We celebrate today the feast of the Exaltation of the Holy Cross.
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In Numbers 21:5-9, we find that the people of Israel were afflicted with serpents in the wilderness because of their sin. God instructed Moses, “Make a fiery serpent, and set it on a pole; and everyone who is bitten, when he sees it, shall live.” The bronze serpent points to the cross of Christ which defeats sin and death and obtains everlasting life for those who believe.
The result of Jesus “being lifted up on the cross” and His rising and exaltation to the Father’s right hand in heaven, is our “new birth in the Spirit” and adoption as sons and daughters of God. God not only redeems us, but He fills us with his own divine life and power that we might share in His glory.
St. Paul speaks often about the cross in his letters. He says that his only boast is in the cross of Jesus. He frequently reminds us that there is no work we do that earns us redemption. Rather, through the cross, God has done the work of uniting Jews and Gentiles. He preached that God had nailed our sins and their resulting guilt to the cross; when Jesus died on the cross so did our guilt.
The mystery Paul preached is that it was the very instrument that put Jesus to death that was also the means of our new life. What we could not do, God did. Paul concluded that we have reason to exult because the power of sin and death are conquered through the cross.
Jesus said in the Gospel of John: “God so loved the world that he gave his only Son, so that he who believes in him might not perish but have eternal life.” Jesus came to this world to help us through life, to teach us how to truly live. By becoming human like us, He showed us it can be done. He wants to have a relationship with us, to dwell within us. Paul also told us today that Jesus emptied Himself, taking the form of a slave, being human in likeness; He humbled Himself, being obedient even to death for us.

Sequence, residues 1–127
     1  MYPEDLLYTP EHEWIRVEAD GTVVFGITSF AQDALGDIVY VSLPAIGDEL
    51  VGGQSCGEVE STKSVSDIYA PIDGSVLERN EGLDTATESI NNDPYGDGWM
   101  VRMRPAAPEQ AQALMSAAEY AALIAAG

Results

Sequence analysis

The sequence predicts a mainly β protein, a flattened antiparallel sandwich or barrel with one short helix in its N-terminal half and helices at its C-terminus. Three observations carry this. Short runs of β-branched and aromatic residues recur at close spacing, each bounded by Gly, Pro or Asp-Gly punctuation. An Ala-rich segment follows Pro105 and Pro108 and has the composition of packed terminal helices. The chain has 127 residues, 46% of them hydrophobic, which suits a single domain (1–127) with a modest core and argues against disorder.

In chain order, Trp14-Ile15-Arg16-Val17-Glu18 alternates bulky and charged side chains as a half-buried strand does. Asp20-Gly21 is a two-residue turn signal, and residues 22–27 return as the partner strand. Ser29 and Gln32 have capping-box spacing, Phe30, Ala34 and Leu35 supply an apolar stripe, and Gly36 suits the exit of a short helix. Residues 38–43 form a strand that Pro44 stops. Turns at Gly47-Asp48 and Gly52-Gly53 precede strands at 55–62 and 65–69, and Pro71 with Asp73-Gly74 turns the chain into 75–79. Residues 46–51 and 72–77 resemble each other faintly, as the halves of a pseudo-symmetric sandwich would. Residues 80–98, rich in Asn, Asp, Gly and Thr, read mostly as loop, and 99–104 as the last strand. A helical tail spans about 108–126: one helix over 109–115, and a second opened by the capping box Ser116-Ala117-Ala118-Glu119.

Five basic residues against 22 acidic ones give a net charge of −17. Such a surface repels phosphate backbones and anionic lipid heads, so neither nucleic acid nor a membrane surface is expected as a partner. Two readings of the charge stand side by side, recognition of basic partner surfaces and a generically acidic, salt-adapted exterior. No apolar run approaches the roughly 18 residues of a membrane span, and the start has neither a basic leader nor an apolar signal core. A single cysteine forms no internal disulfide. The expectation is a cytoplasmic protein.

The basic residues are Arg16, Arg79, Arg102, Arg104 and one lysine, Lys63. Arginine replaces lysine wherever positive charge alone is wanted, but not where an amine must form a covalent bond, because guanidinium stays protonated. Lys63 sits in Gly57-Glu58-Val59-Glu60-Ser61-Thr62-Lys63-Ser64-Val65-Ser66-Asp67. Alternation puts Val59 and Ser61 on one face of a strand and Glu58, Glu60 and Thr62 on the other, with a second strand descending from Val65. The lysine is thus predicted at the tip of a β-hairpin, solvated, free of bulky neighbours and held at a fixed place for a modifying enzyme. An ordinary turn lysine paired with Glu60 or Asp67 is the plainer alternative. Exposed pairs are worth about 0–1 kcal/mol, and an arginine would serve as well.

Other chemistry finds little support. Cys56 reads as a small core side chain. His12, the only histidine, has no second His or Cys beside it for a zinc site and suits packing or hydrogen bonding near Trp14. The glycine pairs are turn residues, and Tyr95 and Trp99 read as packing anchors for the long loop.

I asked myself a question during my reflection on the readings: How do these teachings fit into the picture of life: denying ourselves, losing our lives, and following the crucified One? Well, God wants us to love. Because that is God’s purpose for us, He builds it into our nature. We want to love and we feel terrible if we don’t love.
Now anybody who has ever loved knows that it costs, but they still want to do it. They want to give things to those they love, to do things for them. They help them bear their burdens. They stick with them through difficult times. It hurts. That is the denying of self, the losing of life.
Sr. Marsha Sinetar said in an article: “If your love is broad and deep so that, for example, you want to change the system to help those who are being squashed by it, you might get threatened, beat up, or killed.” It happened to persons like Martin Luther King, Mahatma Gandhi and Jesus of Nazareth.
This is all for love, for relationship: we are all called to this cross. The cross of Jesus gives us many things to reflect on: pain, suffering, sacrifice; but most importantly, justice, humility, and love.
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